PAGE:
Considering this restaurant was in a very touristy location and there was only one other restaurant to compete with it on the block, our expectations weren’t that high, but at the same time, knowing the older lady was cooking was a good sign. When the food came, we were both super happy with everything.
After lunch we went to visit the last Jigoku in Kannawa before taking a bus to go to the remaining two.
This Jigoku is also called “White Pond Hell”. It was a very pretty Jigoku with a nice garden surrounding it. It also had aquariums (a bit run down) filled with piranhas and barracudas.
We rushed out of this one pretty quickly since the next bus to get to the other Jigokus was arriving soon and the next one wasn’t for another 40 minutes. We made our way to the next two Jigokus, which were a short bus ride away from the Kannawa area.
After about a 5 minute bus ride further up the mountain, we made it to the last two Jigokus. It was about 4:30pm and we also wanted to check out a traditional Japanese onsen before we had to leave Beppu. The problem with going to an onsen town is that there are a lot of options and with limited reviews in English online, it’s hard to pick. Luckily, the next Jigoku had free WiFi so we were able to do some last minute research.
This jigoku is also called “Blood Pond Hell” because the water looks red (more like a rust colour). This is the oldest of the Jigokus that we visited and also has the coolest waters at around 78 degrees celsius. The clay from this hot spring is used to treat skin disease and is sold here. I was pretty tempted to buy it but didn’t know if it was a gimmick or not (Tim: Unlike the products sold in (Korean) cosmetic stores which are definitely not gimmicks…). This was the last Jigoku we saw that had a foot bath (yay!) (Tim: Double-yay!!).
The last jigoku is called “Tornado Hell” because it’s a geyser, not a pond/pool like all the others. The geyser erupts every 30-35 minutes, which is very frequent in comparison to Yellowstone’s “Old Faithful”. They built an enclosure so the water wouldn’t spray everywhere since there are buildings all around. It would’ve been cool if they didn’t have it so we could see how high it would shoot up (Tim: Apparently the signs said without the enclosure, it would go up around 30m).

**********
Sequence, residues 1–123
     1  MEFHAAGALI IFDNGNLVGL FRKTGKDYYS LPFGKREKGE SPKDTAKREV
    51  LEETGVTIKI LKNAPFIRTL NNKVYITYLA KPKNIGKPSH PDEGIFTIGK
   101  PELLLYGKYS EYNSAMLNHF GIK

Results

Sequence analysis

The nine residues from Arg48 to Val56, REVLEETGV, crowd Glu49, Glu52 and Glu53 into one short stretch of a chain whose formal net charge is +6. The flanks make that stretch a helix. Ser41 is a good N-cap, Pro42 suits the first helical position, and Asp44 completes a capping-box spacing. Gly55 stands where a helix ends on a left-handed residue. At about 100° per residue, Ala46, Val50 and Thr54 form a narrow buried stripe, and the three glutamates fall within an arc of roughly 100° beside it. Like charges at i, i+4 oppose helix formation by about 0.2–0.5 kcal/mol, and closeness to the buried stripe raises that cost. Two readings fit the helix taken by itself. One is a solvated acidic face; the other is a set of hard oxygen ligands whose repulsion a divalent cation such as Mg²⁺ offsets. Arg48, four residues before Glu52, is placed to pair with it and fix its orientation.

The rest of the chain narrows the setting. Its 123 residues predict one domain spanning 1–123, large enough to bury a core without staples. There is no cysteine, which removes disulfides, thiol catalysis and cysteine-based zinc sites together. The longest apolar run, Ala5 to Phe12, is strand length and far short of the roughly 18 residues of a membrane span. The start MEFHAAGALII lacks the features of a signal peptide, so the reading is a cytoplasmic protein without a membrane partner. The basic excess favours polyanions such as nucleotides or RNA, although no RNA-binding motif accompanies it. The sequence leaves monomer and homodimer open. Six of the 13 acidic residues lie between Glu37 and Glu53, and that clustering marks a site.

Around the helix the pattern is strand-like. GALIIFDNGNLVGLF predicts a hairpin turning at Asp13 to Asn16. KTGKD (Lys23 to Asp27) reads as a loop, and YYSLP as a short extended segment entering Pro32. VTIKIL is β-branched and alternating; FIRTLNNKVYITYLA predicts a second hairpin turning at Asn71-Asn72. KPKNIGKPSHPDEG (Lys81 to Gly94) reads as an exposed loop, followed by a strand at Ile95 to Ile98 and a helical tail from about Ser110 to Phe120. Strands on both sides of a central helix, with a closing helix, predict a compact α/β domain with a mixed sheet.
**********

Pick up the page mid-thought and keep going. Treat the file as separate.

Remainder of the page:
While waiting for the geyser to erupt, we decided we would to go to a public onsen called Hyotan Onsen. I had seen it on a list of recommended public onsens and the reviews looked decent. Hyotan is located in Kannawa, close to where we were for the other 6 jigokus so we had to go back. We were keeping a close eye on the time because we knew we had to be back at the train station by 8:20pm.
After getting a tad lost while walking to Hyotan (Tim: Dear Map Makers, if you’re not going to point North in the “Up” direction, then please include a frickin’ compass! Oh! And scales would be nice.), we made it there around 5:20pm. We noticed there was a tour bus outside but luckily, the Korean ladies were all leaving. When we arrived inside, we had to take off our shoes and put it in a locker. Similar to Ichiran, there is a ticketing system to pay. We decided to try the sand bath (which are more unique) and go into the public baths.
That’s pretty much all the pictures I have. We aren’t allowed to take our cameras in to the sand bath area or the public baths (for obvious reasons). The sand bath was the only area where Tim and I could be together. We both got changed into our yukatas (we forgot about taking pictures) and headed into the sand bath area.